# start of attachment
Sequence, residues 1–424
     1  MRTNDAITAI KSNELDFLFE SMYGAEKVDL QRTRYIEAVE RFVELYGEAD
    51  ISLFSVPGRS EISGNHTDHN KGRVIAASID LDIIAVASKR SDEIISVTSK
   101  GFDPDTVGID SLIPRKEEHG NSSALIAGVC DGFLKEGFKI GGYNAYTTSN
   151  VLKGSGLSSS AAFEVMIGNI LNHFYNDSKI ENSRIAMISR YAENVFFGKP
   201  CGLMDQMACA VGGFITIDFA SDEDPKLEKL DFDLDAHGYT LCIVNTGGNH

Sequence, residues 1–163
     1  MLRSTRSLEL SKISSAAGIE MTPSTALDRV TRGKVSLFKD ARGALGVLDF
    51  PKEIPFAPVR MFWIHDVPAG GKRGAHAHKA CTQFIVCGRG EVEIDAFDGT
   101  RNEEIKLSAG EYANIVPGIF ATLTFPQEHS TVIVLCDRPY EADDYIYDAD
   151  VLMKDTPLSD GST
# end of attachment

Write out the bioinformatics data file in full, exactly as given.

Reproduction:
Sequence, residues 1–424
     1  MRTNDAITAI KSNELDFLFE SMYGAEKVDL QRTRYIEAVE RFVELYGEAD
    51  ISLFSVPGRS EISGNHTDHN KGRVIAASID LDIIAVASKR SDEIISVTSK
   101  GFDPDTVGID SLIPRKEEHG NSSALIAGVC DGFLKEGFKI GGYNAYTTSN
   151  VLKGSGLSSS AAFEVMIGNI LNHFYNDSKI ENSRIAMISR YAENVFFGKP
   201  CGLMDQMACA VGGFITIDFA SDEDPKLEKL DFDLDAHGYT LCIVNTGGNH

Sequence, residues 1–163
     1  MLRSTRSLEL SKISSAAGIE MTPSTALDRV TRGKVSLFKD ARGALGVLDF
    51  PKEIPFAPVR MFWIHDVPAG GKRGAHAHKA CTQFIVCGRG EVEIDAFDGT
   101  RNEEIKLSAG EYANIVPGIF ATLTFPQEHS TVIVLCDRPY EADDYIYDAD
   151  VLMKDTPLSD GST